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Old 12-12-2006, 07:05 AM   #1
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Black Walnut Stocks

Is this an impossible dream or what?

On my late father's property (just under an acre in upstate New York) there's a huge black walnut tree. I would love to harvest this tree for the purpose of making several Rifle gunstocks. In part, this is inspired by Stephen Hunter's book "Point of Impact," in which he describes the Ten Black Kings -- 10 Winchester Model 70 Rifles with Black Walnut Stocks. But the strongest motivation is the fact that this tree is older than I am. It's a fixture of my childhood and a fitting memorial of my Dad and the thousands of hours we spent together reloading, shooting, hunting and building rifles from Mauser Actions.

My question is: What's involved in making a gunstock from a tree? How expensive is it? Who does it? Is such a project cost-prohibitive? You get the idea.

Any comments?

Tim in New York
Hittin' the A-Zone, not the Ozone
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Old 12-12-2006, 07:59 AM   #2
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Are you sure that the tree isn't more valuable to you standing?
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Old 12-12-2006, 08:06 AM   #3
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Tim,

Provided the tree doesn't have a fence grown into it or something, it is probably worth a considerable amount of money. I am not an expert but I would guess possibly in excess of $50,000. Making stocks from a portion of it is definately do-able. You need to talk to the hardwood timber dealers around the area and see who will pay the most for it. As part of the deal, tell them you want 10 (or more in case of screw-ups) stock blanks of premium quality milled and set aside for you. Then have the blanks rough machined by a reputable stock maker and finish them yourself or have a pro do it. The money from the rest of the tree should be vastly more than your costs to do this. I and my dad have personally milled with a table saw and finished wood from apple and other trees we cut down. It is really cool to take it from the tree and turn it into a finished product. Hope it all works out for you.

All the best,


Joe
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Old 12-12-2006, 08:19 AM   #4
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Quote:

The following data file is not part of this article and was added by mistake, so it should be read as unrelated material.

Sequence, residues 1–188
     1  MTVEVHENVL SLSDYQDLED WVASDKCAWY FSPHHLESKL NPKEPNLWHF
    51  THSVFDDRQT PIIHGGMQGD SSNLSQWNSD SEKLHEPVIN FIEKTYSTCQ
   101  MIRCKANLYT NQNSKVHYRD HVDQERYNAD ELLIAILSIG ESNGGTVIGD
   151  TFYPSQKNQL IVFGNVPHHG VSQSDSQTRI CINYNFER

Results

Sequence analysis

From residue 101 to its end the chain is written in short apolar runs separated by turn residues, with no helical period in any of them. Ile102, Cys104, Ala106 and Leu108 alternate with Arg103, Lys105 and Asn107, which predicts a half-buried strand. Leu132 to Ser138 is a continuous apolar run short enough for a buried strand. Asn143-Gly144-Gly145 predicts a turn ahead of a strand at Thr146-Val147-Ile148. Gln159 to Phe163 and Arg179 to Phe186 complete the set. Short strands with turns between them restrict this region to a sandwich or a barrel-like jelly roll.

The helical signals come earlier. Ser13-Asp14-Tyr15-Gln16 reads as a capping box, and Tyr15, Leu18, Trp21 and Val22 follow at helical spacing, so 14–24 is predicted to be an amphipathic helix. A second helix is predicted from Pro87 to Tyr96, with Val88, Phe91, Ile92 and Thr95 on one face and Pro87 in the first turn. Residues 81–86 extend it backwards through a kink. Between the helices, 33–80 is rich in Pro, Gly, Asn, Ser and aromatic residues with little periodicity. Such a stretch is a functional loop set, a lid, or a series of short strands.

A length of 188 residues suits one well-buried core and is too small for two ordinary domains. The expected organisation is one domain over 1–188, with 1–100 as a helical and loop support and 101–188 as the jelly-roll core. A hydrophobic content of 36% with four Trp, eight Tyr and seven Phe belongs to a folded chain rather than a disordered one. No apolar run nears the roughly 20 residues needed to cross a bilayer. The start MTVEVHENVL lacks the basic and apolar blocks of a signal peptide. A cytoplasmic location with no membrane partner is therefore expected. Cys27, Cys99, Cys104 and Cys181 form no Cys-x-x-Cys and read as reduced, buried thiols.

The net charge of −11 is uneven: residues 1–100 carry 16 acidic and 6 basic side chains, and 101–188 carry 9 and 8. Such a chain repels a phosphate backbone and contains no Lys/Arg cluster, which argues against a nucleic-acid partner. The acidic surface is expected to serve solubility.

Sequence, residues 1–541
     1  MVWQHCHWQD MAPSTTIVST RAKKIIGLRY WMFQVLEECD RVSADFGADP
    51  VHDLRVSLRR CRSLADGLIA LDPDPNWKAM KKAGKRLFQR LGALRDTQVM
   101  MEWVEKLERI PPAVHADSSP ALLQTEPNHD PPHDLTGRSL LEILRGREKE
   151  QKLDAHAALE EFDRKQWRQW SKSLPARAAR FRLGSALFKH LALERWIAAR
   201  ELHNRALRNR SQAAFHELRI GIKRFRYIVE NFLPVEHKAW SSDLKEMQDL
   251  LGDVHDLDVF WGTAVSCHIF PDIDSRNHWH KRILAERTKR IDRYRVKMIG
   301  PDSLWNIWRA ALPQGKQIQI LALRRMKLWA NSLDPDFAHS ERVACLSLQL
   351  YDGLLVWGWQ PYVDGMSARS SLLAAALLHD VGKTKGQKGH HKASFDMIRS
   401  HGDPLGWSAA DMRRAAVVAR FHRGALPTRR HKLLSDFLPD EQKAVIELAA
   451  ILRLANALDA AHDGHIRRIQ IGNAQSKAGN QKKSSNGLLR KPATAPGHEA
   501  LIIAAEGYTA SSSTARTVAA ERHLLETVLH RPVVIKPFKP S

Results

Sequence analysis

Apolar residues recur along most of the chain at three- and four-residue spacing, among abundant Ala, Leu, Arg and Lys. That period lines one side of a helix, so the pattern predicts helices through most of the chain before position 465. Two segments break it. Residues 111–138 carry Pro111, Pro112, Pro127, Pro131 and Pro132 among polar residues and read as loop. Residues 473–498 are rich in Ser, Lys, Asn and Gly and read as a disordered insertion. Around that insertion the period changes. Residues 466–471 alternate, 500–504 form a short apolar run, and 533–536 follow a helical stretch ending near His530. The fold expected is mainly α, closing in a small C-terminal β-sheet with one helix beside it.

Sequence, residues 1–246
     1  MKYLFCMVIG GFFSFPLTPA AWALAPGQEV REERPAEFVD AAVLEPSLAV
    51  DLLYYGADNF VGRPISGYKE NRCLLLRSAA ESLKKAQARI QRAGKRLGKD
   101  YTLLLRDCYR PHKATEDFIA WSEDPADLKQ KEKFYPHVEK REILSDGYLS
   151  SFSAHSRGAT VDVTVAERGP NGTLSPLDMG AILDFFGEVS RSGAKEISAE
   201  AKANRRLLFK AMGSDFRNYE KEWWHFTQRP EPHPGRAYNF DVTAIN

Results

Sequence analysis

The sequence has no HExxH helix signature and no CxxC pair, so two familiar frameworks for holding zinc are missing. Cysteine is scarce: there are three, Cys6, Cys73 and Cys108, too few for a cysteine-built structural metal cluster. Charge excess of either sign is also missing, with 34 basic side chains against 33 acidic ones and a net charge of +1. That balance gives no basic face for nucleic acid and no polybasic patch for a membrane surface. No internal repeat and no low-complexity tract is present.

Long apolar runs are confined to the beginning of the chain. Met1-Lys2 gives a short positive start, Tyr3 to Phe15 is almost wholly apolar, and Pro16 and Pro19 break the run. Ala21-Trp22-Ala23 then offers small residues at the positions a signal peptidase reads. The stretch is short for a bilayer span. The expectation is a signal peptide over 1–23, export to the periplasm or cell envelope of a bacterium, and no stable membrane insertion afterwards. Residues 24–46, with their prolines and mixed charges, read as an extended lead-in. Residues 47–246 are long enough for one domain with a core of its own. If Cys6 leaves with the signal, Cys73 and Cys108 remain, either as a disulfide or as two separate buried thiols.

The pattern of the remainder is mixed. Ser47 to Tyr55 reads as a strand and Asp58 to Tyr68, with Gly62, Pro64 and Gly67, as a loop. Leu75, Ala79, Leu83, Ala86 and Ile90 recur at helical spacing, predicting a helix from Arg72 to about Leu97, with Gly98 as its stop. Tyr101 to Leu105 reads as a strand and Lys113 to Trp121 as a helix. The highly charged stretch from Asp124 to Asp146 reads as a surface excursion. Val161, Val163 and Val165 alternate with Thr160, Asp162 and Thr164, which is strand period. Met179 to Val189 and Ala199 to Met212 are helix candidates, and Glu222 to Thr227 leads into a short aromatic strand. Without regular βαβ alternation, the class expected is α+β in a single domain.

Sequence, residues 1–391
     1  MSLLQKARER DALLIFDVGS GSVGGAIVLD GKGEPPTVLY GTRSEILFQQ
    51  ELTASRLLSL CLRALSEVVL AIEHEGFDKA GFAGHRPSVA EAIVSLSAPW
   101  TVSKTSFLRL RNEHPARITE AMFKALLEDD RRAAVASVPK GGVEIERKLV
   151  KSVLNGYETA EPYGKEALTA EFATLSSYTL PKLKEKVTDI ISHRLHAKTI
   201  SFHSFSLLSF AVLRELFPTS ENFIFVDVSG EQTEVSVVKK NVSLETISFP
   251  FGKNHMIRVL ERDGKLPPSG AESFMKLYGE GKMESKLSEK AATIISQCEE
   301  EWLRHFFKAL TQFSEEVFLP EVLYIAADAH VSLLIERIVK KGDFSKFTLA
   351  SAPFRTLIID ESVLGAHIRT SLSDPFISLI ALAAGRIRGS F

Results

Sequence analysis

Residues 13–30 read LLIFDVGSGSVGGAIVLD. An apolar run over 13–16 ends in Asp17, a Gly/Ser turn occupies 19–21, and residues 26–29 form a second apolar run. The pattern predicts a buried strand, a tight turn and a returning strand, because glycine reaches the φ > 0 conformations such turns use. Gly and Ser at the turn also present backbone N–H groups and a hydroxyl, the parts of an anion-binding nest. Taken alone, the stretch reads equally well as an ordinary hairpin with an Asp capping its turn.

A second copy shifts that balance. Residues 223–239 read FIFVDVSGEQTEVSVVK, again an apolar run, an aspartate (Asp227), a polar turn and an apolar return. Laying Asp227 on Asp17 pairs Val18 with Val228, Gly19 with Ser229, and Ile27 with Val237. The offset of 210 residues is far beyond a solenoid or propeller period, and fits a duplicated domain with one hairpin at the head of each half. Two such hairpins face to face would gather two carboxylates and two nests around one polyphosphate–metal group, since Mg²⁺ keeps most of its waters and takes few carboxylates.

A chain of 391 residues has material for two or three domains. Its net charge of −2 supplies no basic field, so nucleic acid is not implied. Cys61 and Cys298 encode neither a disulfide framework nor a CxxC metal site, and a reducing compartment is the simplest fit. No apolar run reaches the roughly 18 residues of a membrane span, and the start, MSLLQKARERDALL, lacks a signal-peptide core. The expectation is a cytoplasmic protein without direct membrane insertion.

Originally Posted by Chubby Pigeon
Are you sure that the tree isn't more valuable to you standing?
It would be, Chubby, if we could keep the house. Our options are sell the house or develop the property. If the latter, then the tree would have to be taken down along with at least half a dozen hoary Maples.
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Old 12-12-2006, 08:26 AM   #5
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Then by all means, make some stocks!

Heck, I imagine there's more than a few people around here, myself included, who would pay good money to lay hands on a piece of that wood.
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Old 12-12-2006, 08:37 AM   #6
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Quote:
Originally Posted by Fargo
The tree ... is probably worth ... in excess of $50,000. Making stocks from a portion of it is definately do-able. You need to talk to the hardwood timber dealers around the area and see who will pay the most for it.
Joe, although the tree is both tall and wide, I can't imagine it being worth 50 grand. But such is not my field, so who knows? I have no idea how to locate hardwood timber dealers.

Quote:
As part of the deal, tell them you want 10 (or more in case of screw-ups) stock blanks of premium quality milled and set aside for you.
I wasn't thinking of making 10! A brace would do it for me. But I love the "Ten Black Kings" chapter in Hunter's book.

Quote:
I and my dad have personally milled with a table saw and finished wood from apple and other trees we cut down. It is really cool to take it from the tree and turn it into a finished product. Hope it all works out for you.
That sounds way cool! Have you made gunstocks? There's one apple tree on the property and, as I mentioned earlier, half a dozen huge maple trees as well with nice, tall, straight trunks. But I'm pretty ignorant on the subject of stock-making. I know that Maple makes good furniture. But does it make a good stock?

The diameter of the Black Walnut trunk is at least 15 inches. I don't think I could mill it with a table saw. There are some rather long limbs of a diameter more than adequate for making a rifle stock though. It seems that I could harvest one of these myself and then bring it to a stock maker.

Since I can't afford to keep the house, my primary motivation is to own a rifle or two with stocks made from that Black Walnut tree. Sentimental value.
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Old 12-12-2006, 09:10 AM   #7
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Talk to custom furniture/cabinet makers in your area. The tree is worth some major dollars. Don't know if it would go $50k, but don't pay someone to take it down; have them pay you and then some.
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Old 12-12-2006, 11:39 AM   #8